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International trends in ‘bottom-end’ inequality in adolescent physical activity and nutrition: HBSC study 2002–2014

05 Jan 2018

AbstractBackgroundIn spite of many positive trends that have emerged in the health of young people, adolescents from more affluent groups continue to experience more favourable health outcomes. There are no groups that are more vulnerable than those who report very poor (‘bottom-end’) indicators of health behaviour. The present study investigated the role of socio-economic factors as potential determinants of bottom-end health behaviours pertaining to physical activity and diet.MethodsOur analysis incorporated health data for some 700 000 15-year-old adolescents in 34 countries. The data source was four cycles of the Health Behaviour in School-aged Children (HBSC) study (2001/2002, 2005/2006, 2009/2010 and 2013/2014). As per UNICEF precedents, adolescents whose health behaviour scores were below the mean of the lower half of the distribution fell into the ‘bottom-end’ on this indicator.ResultsAdolescents from less affluent families were much more likely to report being in the bottom-end of the distribution of these health indicators. Large, persistent and widespread socio-economic gradients existed for physical activity and healthy eating, while the findings were mixed for unhealthy eating. Such socio-economic inequalities were largely stable or widened for physical activity and healthy eating, while inequalities in unhealthy eating narrowed.ConclusionAlthough it is important to continue monitoring average levels of adolescent health, national and international policies need to pay attention to the concentration of poor health outcomes among adolescents from less affluent families and to redress social inequalities in adolescent health behaviour.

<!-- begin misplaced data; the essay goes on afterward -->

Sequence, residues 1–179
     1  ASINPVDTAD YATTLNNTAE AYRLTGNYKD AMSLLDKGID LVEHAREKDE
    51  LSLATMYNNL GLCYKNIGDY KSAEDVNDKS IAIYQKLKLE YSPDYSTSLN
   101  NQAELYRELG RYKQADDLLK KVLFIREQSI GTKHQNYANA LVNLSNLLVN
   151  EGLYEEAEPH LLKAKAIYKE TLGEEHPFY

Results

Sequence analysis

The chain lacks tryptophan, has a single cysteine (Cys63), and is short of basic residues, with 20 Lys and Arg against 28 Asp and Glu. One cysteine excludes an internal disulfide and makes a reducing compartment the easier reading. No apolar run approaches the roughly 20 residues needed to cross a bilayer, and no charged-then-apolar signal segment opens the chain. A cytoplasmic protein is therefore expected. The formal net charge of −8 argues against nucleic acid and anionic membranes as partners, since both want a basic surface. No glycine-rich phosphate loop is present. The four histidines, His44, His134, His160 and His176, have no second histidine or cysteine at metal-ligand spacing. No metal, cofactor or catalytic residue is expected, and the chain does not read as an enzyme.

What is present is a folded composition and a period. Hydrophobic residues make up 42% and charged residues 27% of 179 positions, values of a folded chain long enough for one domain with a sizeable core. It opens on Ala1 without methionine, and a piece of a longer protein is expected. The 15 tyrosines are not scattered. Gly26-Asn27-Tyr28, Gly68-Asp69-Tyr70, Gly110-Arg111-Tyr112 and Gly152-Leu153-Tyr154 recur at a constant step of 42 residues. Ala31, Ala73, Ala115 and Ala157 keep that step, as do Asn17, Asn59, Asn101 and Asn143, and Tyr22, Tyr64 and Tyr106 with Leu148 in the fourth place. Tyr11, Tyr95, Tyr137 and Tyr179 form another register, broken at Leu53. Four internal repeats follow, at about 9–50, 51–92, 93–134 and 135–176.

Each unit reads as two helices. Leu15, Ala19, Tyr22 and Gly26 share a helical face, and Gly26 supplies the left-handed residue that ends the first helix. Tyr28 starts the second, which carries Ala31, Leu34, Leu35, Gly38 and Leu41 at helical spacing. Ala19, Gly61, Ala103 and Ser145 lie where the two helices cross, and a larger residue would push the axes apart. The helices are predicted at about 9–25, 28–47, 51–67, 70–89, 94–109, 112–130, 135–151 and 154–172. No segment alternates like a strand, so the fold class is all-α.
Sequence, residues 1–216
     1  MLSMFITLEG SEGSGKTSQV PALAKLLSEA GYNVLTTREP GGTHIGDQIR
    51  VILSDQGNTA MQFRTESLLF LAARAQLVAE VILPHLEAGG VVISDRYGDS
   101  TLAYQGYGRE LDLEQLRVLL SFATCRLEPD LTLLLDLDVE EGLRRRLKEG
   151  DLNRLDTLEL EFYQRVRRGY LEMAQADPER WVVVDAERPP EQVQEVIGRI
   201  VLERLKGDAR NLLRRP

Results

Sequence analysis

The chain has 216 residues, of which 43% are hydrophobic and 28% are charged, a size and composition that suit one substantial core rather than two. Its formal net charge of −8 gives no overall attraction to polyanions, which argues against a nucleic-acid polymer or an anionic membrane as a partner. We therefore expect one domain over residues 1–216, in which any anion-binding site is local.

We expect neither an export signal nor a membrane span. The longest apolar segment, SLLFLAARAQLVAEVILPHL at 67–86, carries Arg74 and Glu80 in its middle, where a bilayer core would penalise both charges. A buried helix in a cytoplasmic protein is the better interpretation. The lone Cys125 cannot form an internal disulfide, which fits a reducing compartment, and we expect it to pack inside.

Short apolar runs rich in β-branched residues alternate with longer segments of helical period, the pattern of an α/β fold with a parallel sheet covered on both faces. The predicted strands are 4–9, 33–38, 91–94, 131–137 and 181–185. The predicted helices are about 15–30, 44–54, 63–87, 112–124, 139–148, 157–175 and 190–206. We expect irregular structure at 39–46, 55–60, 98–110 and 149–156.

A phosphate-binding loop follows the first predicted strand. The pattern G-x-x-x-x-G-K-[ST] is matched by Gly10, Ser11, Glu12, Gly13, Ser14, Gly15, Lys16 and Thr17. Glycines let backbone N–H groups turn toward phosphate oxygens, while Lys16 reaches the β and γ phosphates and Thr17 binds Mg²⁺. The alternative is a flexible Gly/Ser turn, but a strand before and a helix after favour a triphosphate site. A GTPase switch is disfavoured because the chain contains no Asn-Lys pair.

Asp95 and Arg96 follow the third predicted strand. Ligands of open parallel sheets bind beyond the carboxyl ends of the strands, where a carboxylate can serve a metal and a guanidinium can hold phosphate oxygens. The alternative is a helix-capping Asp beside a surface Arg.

Click here to view the full article which appeared in European Journal of Public Health